The South African Revenue Service (Sars) has issued its draft interpretation note on what taxpayers who are “in employment or holding an office” can deduct for home office expenses.
In the 17-page note it gives numerous examples of when expenses will not be permitted.
In response, the South African Institute of Taxation (Sait) says a large percentage of employees who were required to work from home during 2020 will be unable to claim a deduction for their expenses.
“We are of the view that the draft interpretation note does not adequately address the tax implications resulting from the increase in home office use due to the current, ongoing Covid-19 pandemic,” says Keitumetse Sesana, tax technical specialist at Sait.
Sait is concerned about Sars’s interpretation of what constitutes regular, and particularly “exclusive use”, of the home office. In one of the examples an employee who works from home on a permanent basis will not be able to claim his expenses since he conducts his work from the dining room table.
Sait says many taxpayers do not have the luxury of maintaining a home office that is exclusively used by one member of the household for purposes of that individual’s trade.
If a home office is available, and more than one member of a household is required to work from home, household members will often share the available space.
Sars even provides an example that where the children use the home office as a playroom in the afternoons or over weekends the taxpayer cannot claim home office deductions since it is not “exclusively” used for the taxpayer’s trade.
“It is only in exceptional circumstances that each member of a household working from home will have a dedicated home office exclusively available to them,” says Sesana.
The effect is likely to be that only the elite group of taxpayers – those who are in a position to establish a home office that is regularly and exclusively used for purposes of their trade – will benefit.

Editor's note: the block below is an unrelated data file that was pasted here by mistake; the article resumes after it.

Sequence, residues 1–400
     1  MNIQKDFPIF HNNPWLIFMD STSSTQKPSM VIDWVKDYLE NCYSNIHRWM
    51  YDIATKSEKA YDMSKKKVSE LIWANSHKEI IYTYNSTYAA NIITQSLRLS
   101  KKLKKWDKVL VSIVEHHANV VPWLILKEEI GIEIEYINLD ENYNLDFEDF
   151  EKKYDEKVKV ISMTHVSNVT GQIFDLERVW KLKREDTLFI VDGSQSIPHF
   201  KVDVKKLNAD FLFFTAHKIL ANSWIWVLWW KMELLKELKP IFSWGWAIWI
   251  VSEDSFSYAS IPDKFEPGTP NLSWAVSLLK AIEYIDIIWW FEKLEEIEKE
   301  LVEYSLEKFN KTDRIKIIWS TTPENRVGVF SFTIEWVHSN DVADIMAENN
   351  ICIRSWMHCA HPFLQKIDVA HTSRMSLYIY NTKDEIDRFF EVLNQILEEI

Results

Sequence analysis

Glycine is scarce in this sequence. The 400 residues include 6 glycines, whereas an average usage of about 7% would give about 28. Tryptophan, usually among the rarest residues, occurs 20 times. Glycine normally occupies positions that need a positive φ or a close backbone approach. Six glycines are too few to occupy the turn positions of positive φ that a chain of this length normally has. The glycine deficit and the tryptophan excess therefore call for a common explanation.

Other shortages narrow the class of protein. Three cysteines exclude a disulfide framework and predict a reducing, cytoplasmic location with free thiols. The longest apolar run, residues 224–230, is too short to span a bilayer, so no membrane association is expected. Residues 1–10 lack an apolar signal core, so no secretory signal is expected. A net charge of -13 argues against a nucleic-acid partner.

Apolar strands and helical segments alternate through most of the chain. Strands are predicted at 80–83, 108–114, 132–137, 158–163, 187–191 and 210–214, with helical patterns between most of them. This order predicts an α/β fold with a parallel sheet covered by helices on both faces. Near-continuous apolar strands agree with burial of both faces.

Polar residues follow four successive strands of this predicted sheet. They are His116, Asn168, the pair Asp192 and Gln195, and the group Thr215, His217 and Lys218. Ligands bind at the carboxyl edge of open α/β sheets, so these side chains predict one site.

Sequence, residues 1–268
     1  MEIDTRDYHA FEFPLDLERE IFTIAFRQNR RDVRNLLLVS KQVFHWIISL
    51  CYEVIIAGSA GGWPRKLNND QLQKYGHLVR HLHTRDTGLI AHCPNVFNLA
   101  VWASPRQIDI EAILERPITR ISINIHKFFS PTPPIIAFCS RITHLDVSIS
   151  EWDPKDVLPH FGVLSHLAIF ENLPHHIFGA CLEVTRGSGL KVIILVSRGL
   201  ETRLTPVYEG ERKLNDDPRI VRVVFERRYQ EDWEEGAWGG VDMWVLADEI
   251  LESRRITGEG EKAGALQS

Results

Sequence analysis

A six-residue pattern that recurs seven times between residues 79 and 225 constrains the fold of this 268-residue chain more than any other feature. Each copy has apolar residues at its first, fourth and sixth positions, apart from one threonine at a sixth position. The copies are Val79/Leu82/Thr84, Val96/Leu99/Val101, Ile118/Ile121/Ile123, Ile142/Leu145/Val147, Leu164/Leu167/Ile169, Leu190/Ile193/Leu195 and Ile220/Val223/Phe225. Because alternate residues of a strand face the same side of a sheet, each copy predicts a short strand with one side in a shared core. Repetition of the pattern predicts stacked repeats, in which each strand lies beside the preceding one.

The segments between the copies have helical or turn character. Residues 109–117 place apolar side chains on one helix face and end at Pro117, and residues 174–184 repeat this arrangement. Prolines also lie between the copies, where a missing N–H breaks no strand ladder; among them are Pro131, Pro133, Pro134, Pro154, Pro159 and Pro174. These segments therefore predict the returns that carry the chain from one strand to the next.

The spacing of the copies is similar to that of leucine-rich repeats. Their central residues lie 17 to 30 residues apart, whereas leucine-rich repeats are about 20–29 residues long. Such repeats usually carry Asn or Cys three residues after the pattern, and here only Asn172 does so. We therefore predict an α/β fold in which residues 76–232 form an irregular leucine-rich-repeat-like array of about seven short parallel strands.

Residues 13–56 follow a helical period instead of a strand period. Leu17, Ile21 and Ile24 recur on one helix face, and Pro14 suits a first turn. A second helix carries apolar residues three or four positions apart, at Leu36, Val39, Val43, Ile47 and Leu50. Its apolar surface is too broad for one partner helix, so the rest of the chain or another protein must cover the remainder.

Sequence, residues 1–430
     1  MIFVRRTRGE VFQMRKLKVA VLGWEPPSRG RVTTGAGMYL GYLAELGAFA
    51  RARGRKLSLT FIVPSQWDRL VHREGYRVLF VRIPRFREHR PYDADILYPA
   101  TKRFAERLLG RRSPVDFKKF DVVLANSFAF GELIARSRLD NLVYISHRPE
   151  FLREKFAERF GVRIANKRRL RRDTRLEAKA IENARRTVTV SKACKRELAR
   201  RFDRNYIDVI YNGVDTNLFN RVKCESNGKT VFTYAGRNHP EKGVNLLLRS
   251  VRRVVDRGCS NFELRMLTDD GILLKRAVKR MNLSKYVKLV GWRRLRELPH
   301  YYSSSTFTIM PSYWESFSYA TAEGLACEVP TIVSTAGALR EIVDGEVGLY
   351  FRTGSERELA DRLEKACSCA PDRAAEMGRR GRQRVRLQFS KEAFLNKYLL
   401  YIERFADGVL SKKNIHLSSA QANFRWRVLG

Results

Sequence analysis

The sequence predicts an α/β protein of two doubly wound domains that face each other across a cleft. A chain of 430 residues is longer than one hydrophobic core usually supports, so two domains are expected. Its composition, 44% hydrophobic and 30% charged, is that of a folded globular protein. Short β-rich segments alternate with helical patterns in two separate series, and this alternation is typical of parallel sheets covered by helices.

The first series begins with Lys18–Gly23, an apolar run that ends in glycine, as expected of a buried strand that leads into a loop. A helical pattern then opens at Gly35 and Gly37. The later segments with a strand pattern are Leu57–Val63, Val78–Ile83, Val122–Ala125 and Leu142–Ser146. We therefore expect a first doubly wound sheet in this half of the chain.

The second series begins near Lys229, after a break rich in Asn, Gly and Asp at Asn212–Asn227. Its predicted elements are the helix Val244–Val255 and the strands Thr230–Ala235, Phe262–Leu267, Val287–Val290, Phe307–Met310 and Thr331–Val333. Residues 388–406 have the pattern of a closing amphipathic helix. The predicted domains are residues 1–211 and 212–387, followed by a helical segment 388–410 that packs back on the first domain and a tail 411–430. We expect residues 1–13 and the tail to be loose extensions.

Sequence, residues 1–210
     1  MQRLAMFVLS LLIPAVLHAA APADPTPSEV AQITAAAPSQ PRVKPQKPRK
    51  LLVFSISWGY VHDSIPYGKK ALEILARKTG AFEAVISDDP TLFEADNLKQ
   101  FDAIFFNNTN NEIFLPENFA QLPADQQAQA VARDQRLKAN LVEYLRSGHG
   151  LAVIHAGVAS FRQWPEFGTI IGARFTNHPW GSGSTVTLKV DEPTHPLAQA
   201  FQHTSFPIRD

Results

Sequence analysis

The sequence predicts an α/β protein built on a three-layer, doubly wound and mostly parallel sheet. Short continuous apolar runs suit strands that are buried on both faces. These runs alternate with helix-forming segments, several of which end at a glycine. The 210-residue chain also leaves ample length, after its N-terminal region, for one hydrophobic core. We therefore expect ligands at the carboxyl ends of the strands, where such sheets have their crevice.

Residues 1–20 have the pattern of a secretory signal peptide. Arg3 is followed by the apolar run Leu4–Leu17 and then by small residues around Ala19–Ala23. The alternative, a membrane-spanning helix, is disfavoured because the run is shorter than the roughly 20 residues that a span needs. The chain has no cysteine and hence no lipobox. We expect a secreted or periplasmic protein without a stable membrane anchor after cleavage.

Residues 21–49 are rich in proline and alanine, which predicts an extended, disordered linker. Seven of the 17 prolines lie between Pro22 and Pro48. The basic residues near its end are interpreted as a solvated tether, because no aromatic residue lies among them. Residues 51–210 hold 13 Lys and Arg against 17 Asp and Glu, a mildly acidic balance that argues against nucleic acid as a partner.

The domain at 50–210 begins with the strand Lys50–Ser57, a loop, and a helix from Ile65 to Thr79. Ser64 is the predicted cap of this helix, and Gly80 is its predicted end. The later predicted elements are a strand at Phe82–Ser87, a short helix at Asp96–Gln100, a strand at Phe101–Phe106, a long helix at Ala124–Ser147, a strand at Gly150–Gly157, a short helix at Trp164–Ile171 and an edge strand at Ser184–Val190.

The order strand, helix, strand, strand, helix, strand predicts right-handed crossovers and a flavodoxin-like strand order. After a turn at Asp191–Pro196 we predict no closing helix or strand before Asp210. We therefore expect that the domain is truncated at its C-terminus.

“In the case of the majority of taxpayers, where a home office is available, this will generally be shared by all members of the household at some stage, thus falling short of the exclusivity requirement,” says Sesana.
According to Sars it is a requirement that the home office be specifically equipped for purposes of the taxpayer who is claiming the deduction’s trade, and that it be exclusively used for such purposes.
Sars therefore argues that if spouses share the home office space, it would mean that the home office space used by the one spouse would not have been specifically equipped solely for their trade, but also for that of the other spouse.
In addition, since both are sharing the home office space, it cannot be said to have been occupied exclusively for one person’s trade, therefore neither spouse can claim a deduction for home office expenditure.
“As currently drafted, Sars’s interpretation of the legislation is unlikely to recognise the expenses of those who are struggling to make ends meet.”
Sait suggests that the taxman view a taxpayer who works mainly from home to be using the home office regularly and exclusively for purposes of trade while they are actually working in the home office during office hours.
This will allow limited private use of the home office by other members of the household, after hours or over weekends.
Sait also suggests that Sars permit spouses or partners sharing a home office to each claim a percentage of the allowable expenditure incurred in connection with the premises, assuming that the home office is specifically equipped for the purpose of each taxpayer’s trade.
Need for user-friendliness
Given that the majority of taxpayers – whether they earn a salary or commission – incur additional costs over and above property-related expenses because of their working from home arrangement, Sait recommends that the draft note include and allow for a more user-friendly manner of dealing with expenses such as phone costs (including the monthly charges), stationery, furniture, and computer and communication equipment.
“We recommend that Sars consider an interpretation of the legislation that will accommodate the deduction of these costs in these unprecedented times, as it appears that the present working from home scenario will continue to be the norm for the foreseeable future,” says Sesana.